When you do find the focus ring it's nice and easy to turn. It's just stiff enough not to get jogged out of position too, so it's a good level of friction. It's not beautifully smooth throughout the turn, but it's not bad at all. At points it feels a tad scratchy, but this depends on the angle you're holding it. I wouldn't say this makes it feel cheap, in general it feels very solid and well put together, but I have slight concerns for long-term reliability.

The spacing of distances throughout the focus turn is about as exponential as the aperture ring. There's a huge amount of play with close distances and almost nothing between 7m - infinity. This is more common than the aperture ring spacing however, but it's not great for video use.

The hard truth is that focusing accurately with this lens (wide open, or at f/1.4) is hard. Even with focus assistance like zoom and/or peaking it's so easy for your subject to move out of the focus zone. A lot of your shots will be blurry and it won't be the lenses fault.

    Sharpness
It's worth baring in mind that the sharpness of any super wide-aperture lens will not be it's strength. What you get here is the relative sharpness compared to the amount of out-of-focus blur, the depth of field, or 3D Pop from the subject.

Usually a slightly less wide aperture version of the same lens performs better on sharpness, even at the same apertures. For example a 50mm f/1.8 is sharper at f/1.8 than the f/1.4 version, so if it's only sharpness that you're after save your money and get the significantly cheaper lens. That said, the construction of the Mitakon lens is significantly different to any common 50mm f/1.4 or f/1.8 and thus it's not easily comparable, although the same rough rules apply here.

So, considering it's maximum aperture, I found this to be a very sharp lens. It's surprisingly good wide open (if you can focus properly) and it's extremely sharp at f/1.4, which acts more like f/1.2 anyway. This lenses center sharpness has beaten all of the other 50mm lenses I've tried so far. I think it would be very interesting to compare it to the Leica Noctilux (50mm f/0.95), but also the Zeiss Otus 55mm. I'm not saying that it will beat them, or even necessarily match them, but I think it will surprise people... Just not flaring :P. Neatly bringing me onto my next point...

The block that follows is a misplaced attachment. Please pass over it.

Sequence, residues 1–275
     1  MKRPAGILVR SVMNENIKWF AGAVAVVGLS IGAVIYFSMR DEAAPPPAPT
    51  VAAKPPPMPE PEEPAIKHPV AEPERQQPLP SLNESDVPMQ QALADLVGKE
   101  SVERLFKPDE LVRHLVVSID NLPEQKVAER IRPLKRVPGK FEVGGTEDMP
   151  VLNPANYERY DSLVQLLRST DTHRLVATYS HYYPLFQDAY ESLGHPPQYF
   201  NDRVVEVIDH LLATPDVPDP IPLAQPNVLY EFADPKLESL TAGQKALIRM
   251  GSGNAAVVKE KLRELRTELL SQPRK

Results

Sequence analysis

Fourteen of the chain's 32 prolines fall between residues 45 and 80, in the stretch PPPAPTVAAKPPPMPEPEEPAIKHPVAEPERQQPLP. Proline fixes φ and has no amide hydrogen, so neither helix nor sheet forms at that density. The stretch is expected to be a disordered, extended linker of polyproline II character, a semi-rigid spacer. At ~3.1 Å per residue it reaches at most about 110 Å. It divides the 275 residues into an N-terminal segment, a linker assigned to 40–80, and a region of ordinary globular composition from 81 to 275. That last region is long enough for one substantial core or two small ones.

Bokeh
I didn't find the rendering of the bokeh from the Mitakon to be particularly pleasing. By it's nature it has a lot of it and, at times, that can save shots, but it just seems too nervous when it's subtle. This made too many images fall rather flat for me. Some of this relates to the heavy squashing of the bokeh shapes when fully open, so I mostly recommend not going wider than f/1.4, but I still think it's OOF rendering doesn't hold up to the great bokeh lenses aesthetically.

When maximising the 3D pop factor I found that shooting your subject between 1-3m produced the nicest results because you get a great sense of isolation! At f/1.4 you still get nice, big & flat, rounded bokeh shapes too, so I advise caution in going wider than this.

    Competition
It will seem quite expensive to some people for a 50mm, but for one with this aperture it's really rather cheap. The Leica Noctilux being about £7500 and even other Chinese brands like the SLR Magic Hyperprime are going to set you back £2400, making the Mitakon seem like a bargain. Of course there are other options, like adapting a second hand Canon 50mm f/0.95, but that's still likely to cost you over £1000. The Mitakon 50mm may just be one of the best value super-wide aperture, full-frame lenses ever made!

    Samples
Here are some 'colour' images that I've taken with the Mitakon 50mm...


 ▲ B+W UV/IR Block Filter (Colour) @ 1/320th, f/0.95, iso 100 ▲▲

 ▲ B+W UV/IR Block Filter (Colour) @ 1/500th, f/0.95, iso 100 ▲▲

 ▲ B+W UV/IR Block Filter (Colour) @ 1/60th, f/1.4, iso 640 ▲▲

 ▲ B+W UV/IR Block Filter (Colour) @ 1/60th, f/0.95, iso 2000 ▲▲